McGreevy, P.D., McLean, A.N., 2007. The roles of learning theory and ethology in equitation. Journal of Veterinary Behavior: Clinical Applications and Research, 2, 108-118.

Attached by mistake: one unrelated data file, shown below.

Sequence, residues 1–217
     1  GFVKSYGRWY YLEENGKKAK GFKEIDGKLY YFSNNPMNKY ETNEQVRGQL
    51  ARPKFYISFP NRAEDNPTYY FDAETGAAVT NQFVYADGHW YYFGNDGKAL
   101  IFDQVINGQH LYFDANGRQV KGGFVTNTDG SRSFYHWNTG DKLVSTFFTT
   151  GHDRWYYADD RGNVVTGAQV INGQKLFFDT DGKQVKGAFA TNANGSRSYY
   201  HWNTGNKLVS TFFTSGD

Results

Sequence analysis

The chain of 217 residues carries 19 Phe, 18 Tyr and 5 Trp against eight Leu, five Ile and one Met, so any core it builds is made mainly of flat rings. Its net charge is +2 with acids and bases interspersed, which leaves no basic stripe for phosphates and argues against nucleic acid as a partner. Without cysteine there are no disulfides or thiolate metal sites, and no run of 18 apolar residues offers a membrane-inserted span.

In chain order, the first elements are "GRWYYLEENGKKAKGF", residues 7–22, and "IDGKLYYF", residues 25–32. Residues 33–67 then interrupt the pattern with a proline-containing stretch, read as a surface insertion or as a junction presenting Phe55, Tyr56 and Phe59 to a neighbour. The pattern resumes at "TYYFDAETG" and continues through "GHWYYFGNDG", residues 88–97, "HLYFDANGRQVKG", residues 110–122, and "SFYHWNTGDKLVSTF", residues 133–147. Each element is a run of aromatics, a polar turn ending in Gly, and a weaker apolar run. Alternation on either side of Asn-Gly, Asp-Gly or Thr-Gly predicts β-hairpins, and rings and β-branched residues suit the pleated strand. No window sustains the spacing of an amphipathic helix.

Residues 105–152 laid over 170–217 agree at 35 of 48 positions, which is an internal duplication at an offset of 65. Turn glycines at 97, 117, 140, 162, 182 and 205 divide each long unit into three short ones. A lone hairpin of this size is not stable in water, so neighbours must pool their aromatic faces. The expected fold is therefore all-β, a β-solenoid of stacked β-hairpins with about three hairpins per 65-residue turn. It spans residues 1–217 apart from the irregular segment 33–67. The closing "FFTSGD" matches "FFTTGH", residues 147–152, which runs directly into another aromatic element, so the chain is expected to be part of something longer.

By definition, ethology is primarily the scientific study of animal behavior, especially as it occurs in a natural environment; applied ethology being the study of animal behavior in the human domain. The terms equine ethology and ethological training are becoming commonplace in the equestrian domain, yet they seem to be used with a conspicuous lack of clarity and with no mention of learning theory. Most of what we do to train horses runs counter to their innate preferences. This article summarizes the ethological challenges encountered by working horses and considers the merits and limitations of ethological solutions. It also questions the use of terms such as “alpha” and “leader” and examines aspects of learning theory, equine cognition, and ethology as applied to horse training and clinical behavior modification. We propose 7 training principles that optimally account for the horse’s ethological and learning abilities and maintain maximal responsivity in the trained horse. These principles can be summarized as: (1) use learning theory appropriately; (2) train easy-to-discriminate signals; (3) train and subsequently elicit responses singularly; (4) train only one response per signal; (5) train all responses to be initiated and subsequently completed within a consistent structure; (6) train persistence of current operantly conditioned responses; and (7) avoid and disassociate flight responses. Adherence to these principles and incorporating them into all horse training methodologies should accelerate training success, reduce behavioral wastage of horses, and improve safety for both humans and horses.